We said our goodbyes to friends at the Motorhome, Caravan and Leisure Show – it was time to move on. That’s what most of our neighbours seemed to be doing – although we could stay till 5.00pm, most of the vans decided to leave in the morning. After refilling the fresh water, we headed off too.
Driving down SH3 we stopped at the Kihikihi – a Maori name meaning cicada. This little town has two businesses of note, the first being the Laundromat on the main road. After being away since Tuesday, we really needed to visit the laundromat. Robin left me to deal with the laundry while he went to use the dump station. Lots of locals use this business too, they came and went with washing, or more often, clothes washed at home which needed drying. With our laundry washed, dried, and neatly folded up, we then stopped at the Viands Bakery, home to award winning pies and all sorts of other tasty goodies.
Next stop was to have our lunch at the Haurua rest area – a very historic place as it turns out. There is a large plaque which confirms the selection of Potatau Te Whereowhero as the first Maori King in 1857, and that this would be hereditary to his family.
Lunch stop at Haurua
And behind the rest stop we spotted the Haurua Marae.
Lunch over we continued down SH3, stopping at Te Kuiti to view the recently erected sculpture of rugby legend Colin “Pinetree” Meads, who grew up on a farm in the area. Colin Meads was not merely the most famous All Black of his era - the Te Kuiti sheep farmer personified a rugged rural masculinity that evoked a bygone era even in his playing days. His iconic status in New Zealand society was recognized in 2001 when he was made a New Zealand Companion of Merit (the equivalent of a knighthood). In 2009 the government reintroduced the former system of titles and Colin Meads accepted the title of ‘Sir’. He stated, however, that unlike his former team-mates Wilson Whineray and Brian Lochore, he didn't want to be addressed as 'Sir' . They, he argued, deserved the title as they were ‘perfect gentlemen’, whereas he was ‘a bit rougher’. In June 2017, Sir Colin Meads attended the unveiling in Te Kuiti of a larger-than-life bronze statue of himself with ball in hand. Sadly, he died of pancreatic cancer two months later.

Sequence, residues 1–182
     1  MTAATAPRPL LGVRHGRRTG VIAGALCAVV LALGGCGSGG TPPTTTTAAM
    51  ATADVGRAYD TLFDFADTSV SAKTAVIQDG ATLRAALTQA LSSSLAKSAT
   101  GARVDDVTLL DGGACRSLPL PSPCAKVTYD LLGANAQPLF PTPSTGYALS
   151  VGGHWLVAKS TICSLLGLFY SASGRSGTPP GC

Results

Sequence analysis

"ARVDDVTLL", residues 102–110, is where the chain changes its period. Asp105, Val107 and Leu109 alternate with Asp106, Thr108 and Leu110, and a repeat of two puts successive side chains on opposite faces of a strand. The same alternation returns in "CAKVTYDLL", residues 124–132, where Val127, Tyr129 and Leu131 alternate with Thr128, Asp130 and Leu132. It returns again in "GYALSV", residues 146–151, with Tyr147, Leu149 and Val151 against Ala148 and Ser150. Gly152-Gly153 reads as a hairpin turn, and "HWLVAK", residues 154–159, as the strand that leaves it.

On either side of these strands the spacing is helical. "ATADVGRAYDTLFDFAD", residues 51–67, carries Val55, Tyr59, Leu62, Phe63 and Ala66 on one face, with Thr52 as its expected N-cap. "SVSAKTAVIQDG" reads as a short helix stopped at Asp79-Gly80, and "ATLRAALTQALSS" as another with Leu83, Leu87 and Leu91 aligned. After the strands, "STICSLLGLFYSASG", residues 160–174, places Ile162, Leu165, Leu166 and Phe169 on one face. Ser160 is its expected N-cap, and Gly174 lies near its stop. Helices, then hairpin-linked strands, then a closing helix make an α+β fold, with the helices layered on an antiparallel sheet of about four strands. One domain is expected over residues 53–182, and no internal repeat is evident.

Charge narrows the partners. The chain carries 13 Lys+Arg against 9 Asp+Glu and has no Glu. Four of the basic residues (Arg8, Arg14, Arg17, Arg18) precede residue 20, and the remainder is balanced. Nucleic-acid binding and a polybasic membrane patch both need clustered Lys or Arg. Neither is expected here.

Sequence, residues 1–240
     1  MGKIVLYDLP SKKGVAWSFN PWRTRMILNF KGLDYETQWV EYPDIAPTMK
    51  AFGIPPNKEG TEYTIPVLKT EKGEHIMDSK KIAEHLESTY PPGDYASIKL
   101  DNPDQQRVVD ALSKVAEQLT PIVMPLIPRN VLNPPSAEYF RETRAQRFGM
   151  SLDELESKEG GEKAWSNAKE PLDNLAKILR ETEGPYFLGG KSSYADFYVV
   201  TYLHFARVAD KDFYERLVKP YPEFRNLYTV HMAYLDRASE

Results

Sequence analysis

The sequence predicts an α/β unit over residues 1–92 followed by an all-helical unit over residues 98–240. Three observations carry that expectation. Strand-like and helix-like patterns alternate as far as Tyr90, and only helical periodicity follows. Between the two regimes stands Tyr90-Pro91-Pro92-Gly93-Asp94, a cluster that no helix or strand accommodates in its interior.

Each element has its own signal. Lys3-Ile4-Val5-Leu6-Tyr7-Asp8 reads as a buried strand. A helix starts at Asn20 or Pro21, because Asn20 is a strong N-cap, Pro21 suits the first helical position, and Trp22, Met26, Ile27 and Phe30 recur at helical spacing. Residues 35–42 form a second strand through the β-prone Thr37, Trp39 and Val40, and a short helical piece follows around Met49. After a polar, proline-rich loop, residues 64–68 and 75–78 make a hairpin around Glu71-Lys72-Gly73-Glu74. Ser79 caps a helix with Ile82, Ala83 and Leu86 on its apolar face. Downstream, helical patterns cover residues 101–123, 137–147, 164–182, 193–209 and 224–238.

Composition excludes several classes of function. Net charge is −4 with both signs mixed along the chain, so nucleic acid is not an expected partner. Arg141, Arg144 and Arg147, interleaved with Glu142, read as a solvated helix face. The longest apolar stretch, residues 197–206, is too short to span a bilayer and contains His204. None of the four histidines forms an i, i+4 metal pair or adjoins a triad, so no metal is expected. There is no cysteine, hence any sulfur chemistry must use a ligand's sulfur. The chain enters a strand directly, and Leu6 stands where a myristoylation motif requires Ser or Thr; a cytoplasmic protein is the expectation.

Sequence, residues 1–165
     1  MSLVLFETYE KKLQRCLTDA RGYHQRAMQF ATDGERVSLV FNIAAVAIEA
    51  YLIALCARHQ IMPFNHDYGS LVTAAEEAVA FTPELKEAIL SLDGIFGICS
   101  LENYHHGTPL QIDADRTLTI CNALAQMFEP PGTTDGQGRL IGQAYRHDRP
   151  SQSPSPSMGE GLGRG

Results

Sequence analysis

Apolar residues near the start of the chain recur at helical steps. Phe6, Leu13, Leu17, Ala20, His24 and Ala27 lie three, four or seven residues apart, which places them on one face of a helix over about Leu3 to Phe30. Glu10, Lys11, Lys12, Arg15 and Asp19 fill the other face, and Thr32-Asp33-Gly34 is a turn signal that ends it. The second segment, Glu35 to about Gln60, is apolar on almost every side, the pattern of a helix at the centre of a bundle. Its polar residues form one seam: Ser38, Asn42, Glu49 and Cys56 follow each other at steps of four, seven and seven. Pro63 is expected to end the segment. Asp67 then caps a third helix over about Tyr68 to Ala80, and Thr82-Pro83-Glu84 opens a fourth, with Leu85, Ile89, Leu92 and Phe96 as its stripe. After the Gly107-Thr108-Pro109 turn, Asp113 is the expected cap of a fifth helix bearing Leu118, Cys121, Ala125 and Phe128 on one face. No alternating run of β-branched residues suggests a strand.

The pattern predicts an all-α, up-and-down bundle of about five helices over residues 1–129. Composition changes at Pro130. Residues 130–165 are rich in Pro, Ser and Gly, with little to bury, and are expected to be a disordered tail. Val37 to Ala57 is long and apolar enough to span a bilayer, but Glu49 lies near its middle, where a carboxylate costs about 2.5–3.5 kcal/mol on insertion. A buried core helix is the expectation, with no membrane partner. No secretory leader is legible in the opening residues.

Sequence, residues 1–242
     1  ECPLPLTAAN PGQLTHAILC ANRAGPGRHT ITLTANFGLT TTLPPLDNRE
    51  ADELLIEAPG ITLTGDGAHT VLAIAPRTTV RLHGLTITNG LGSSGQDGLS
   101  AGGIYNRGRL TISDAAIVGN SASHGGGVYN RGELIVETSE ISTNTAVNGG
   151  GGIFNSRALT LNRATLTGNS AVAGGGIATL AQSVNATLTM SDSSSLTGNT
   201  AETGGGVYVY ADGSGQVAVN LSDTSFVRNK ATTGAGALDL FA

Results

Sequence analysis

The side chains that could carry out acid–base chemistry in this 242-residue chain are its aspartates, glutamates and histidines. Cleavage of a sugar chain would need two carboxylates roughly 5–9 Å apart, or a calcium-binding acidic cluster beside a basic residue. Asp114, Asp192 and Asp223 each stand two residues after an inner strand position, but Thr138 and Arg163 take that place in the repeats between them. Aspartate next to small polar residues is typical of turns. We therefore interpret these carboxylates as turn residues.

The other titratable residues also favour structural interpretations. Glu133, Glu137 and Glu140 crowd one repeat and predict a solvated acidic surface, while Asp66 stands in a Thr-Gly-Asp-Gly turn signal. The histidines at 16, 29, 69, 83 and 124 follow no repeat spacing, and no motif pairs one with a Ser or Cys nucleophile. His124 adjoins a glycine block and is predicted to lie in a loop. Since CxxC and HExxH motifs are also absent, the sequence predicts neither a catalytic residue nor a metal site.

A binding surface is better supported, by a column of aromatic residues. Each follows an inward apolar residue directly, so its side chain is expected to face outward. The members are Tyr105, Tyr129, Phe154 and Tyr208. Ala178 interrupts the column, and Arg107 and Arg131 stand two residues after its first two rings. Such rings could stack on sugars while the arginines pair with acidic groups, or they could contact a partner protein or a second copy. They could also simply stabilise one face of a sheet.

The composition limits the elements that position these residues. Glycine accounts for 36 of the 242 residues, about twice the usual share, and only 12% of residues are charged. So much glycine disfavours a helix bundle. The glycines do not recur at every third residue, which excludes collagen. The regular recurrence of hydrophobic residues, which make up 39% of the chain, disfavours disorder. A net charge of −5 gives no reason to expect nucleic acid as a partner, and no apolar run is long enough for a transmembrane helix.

Statue of Sir Colin Meads at Te Kuiti
Piopio was our stop for the night. All the streets in Piopio’s town centre are named after New Zealand native birds. Piopio itself is the name of an extinct native bird – thought to be a type of song thrush.
We are staying at the pretty little Domain, on the hard as the grass is rather soft and we don’t want to get bogged down. No power, but with toilets and fresh water available we will be quite happy tucked up here for the night.
Overnighting in Piopio